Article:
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Sandra Fluke, a student at Georgetown Law School, was supposed to be the Democratic witness at a Congressional hearing about the Obama administration's contraception policy. She's having so much sex she can't afford the contraception.
She mentioned in particular a friend of hers who needed contraception to prevent the growth of cysts."Can you imagine if you were her parents how proud..would be? Enter all cheats during gameplay, it is recommended you do not save after using game cheats as they may stay on permanently and/or corrupt your game save.These judgments, about women who sleep around or sleep with the wrong people or fail to settle down, these vicious or catty bursts of rage, or calm-holier-than-thou reflections on other people’s sluttiness or condescending screeds about how pathetic or sad or distasteful or lonely or sleazy it is to live so outside of conventional life, persist through all age groups and social strata, in big cities and small towns, on television news programs watched by millions, and on liberal blogs.One of the questions used to define rape was: ‘Have you had sexual intercourse when you didn’t want to because a man gave you alcohol or drugs? Why aren’t college women responsible for their own intake of alcohol or drugs?A man may give her drugs, but she herself decides to take them.If we assume that women are not all helpless and naive, then they should be responsible for their choice to drink or take drugs.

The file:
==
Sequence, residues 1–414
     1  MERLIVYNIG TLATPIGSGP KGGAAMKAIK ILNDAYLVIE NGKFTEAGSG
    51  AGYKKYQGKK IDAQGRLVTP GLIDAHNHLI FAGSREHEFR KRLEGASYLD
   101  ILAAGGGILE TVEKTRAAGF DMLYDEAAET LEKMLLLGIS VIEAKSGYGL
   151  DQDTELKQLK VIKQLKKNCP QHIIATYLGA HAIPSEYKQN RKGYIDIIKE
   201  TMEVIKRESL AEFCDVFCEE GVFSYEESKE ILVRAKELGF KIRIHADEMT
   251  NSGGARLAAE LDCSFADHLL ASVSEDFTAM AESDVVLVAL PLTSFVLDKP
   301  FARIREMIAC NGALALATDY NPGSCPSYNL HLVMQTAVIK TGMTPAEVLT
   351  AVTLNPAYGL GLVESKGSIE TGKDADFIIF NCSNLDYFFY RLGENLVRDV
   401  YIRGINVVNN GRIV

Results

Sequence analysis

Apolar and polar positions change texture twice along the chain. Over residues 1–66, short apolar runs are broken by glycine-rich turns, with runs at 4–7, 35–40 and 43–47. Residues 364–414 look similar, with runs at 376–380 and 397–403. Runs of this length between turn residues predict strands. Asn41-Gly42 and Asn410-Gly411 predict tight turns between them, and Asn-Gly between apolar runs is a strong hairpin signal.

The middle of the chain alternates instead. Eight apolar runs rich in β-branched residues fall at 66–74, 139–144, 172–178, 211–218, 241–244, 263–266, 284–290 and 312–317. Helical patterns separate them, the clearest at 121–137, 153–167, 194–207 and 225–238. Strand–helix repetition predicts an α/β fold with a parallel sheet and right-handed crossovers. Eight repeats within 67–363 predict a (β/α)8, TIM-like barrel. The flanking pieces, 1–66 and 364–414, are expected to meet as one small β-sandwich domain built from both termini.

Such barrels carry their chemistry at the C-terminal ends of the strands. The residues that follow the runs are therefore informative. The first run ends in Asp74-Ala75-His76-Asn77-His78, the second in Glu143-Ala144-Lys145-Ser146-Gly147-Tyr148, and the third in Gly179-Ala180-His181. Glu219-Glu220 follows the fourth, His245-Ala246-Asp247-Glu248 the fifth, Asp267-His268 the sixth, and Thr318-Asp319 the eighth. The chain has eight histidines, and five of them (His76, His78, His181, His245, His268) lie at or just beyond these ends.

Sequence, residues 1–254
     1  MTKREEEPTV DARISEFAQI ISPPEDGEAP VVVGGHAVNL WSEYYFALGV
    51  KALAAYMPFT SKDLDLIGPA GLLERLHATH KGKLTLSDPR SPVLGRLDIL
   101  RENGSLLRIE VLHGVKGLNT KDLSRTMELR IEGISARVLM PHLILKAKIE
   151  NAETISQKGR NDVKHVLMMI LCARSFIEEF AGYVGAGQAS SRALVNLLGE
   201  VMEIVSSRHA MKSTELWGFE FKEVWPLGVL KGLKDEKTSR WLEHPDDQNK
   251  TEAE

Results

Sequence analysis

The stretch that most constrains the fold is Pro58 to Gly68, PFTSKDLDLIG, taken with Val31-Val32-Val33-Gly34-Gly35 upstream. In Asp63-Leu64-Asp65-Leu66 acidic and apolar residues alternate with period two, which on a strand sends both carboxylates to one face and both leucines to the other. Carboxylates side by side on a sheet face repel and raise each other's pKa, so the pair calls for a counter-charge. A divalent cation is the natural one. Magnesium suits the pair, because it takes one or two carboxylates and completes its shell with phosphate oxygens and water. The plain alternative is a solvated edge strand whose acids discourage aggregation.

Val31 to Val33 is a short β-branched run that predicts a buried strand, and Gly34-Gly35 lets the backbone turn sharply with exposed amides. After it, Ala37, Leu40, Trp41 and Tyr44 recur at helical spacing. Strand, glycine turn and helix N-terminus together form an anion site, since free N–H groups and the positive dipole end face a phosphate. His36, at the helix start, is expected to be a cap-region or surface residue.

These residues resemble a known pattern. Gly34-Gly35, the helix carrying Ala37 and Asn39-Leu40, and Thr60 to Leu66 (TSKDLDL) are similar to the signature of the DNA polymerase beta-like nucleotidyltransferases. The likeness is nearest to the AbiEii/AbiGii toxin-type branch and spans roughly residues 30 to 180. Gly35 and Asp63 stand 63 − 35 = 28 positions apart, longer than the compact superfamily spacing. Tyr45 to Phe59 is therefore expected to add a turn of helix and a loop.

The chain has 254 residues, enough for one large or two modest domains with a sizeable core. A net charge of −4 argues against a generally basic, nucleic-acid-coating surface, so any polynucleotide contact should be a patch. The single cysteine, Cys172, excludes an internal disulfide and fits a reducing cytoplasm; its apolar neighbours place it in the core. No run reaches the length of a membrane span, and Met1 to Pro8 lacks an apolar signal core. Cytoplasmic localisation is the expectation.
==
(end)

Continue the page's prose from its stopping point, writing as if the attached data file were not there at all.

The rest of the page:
“If a woman’s ‘judgment is impaired’ and she has sex, it isn’t always the man’s fault; it isn’t necessarily always rape.
Obviously, this view put her squarely at odds with sex-positive feminists, infuriating Katha Pollitt and other prominent feminists of the time.
One imagines she wouldn’t be welcome, or interested in attending a local Slut Walk.
In a 1997 book review a writer for the LA Times criticized Roiphe for not embracing the Sex as Empowerment Scam: For Roiphe, who is 28, the sexual revolution of the ’60s had nothing to do with a desire to create a more erotic and more egalitarian society.
Instead, Roiphe focuses on “bikinis from France, and the Pill, and nudity in movies, and honest and open marriages, and no-fault divorces” and then notes that “paradise” mysteriously failed to materialize.
She is like the theatergoer who takes her seat during the second act and then loudly whispers to everyone around her that the plot makes no sense.